Arlington is celebrating this morning. After decades as the largest U.S. municipality without mass transit, the city now has a bus service. So park your Ford Excursion and prepare to retire your warmed-over gibes about Arlington as the ultimate suburban wasteland.
All done? OK, now bring them back out of retirement. Metro Arlington Xpress (MAX for short) is entirely composed of a single bus route.
The bare-bones nature of the bus system isn't the fault of Arlington officials. It's the fault of Arlington residents, who have thrice in recent decades rejected proposals to fund a more robust public transit network. City leaders were left to scrape together enough money and good will from DART and The T, Fort Worth's transit agency, for a two-year pilot that will connect the University of Texas at Arlington and the Trinity Railway Express' CentrePort Station.
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This is good news for UTA, whose students and faculty can now get to or from Dallas and Fort Worth without a car. For the vast majority of Arlington's 374,000 residents, however, the bus service will mean very little, since it neither picks up nor stops where any non-college students live.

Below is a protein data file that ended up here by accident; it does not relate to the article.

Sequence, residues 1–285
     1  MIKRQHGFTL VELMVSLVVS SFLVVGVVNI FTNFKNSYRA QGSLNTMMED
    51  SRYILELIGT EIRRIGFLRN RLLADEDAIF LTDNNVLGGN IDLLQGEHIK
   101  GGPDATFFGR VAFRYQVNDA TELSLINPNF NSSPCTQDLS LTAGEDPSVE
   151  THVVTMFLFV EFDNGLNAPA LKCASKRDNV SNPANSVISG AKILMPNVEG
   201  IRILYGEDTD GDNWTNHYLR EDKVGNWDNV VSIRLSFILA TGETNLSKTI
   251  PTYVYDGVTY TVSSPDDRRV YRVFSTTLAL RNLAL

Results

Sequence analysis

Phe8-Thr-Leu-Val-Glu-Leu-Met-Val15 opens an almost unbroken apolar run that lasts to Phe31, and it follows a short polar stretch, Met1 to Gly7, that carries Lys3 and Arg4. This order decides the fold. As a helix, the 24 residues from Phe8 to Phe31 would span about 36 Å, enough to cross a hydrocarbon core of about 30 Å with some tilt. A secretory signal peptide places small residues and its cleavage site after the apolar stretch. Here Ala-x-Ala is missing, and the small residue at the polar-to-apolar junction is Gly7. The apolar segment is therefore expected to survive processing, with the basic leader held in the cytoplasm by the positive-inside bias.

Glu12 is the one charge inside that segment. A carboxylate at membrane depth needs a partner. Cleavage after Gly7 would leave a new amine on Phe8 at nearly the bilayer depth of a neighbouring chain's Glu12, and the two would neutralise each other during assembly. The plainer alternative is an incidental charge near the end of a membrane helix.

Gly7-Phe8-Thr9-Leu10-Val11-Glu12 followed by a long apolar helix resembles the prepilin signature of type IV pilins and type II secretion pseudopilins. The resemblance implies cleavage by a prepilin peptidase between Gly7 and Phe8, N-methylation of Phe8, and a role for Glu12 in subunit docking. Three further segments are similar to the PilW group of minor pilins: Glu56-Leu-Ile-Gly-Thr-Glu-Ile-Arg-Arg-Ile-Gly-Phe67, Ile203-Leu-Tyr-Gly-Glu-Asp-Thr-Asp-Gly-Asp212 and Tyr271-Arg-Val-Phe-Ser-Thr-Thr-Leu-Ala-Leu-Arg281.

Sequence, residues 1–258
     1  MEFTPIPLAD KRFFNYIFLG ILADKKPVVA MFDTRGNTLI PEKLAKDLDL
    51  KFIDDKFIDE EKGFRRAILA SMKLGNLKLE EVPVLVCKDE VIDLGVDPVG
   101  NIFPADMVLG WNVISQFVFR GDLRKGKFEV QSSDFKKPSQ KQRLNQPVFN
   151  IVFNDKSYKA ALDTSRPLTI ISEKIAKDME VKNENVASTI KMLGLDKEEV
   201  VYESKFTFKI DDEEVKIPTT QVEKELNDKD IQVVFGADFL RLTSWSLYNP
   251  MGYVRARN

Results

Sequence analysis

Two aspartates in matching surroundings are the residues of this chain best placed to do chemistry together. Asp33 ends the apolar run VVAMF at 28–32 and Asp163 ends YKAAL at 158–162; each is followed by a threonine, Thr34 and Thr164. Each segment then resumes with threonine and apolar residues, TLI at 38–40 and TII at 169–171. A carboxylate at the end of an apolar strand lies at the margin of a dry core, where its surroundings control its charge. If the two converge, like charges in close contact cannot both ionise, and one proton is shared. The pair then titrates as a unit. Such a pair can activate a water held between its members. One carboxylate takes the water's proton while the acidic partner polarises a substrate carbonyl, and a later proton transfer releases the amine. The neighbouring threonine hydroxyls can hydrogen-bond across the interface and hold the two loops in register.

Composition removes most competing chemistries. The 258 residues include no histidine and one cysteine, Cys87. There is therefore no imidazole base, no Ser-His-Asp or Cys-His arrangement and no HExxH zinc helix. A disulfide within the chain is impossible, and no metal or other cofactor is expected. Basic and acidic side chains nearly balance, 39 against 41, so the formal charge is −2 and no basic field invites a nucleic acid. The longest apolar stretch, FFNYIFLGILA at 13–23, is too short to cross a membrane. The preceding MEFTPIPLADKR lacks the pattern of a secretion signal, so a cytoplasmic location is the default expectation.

There is some indication that a successful MAX could spur the further growth of public transit in Arlington. The Fort Worth Star-Telegram suggests Arlington could join either DART or The T, or it could spur the creation of a "single, region-wide entity to oversee the area's bus and rail system."
But expansion is far from certain. The former option would require buy-in by Arlington voters, the latter by the transit agency's governing boards. Both would be a tough sell. Which means all those Arlington-as-suburban-dystopia insults will remain as fresh as ever.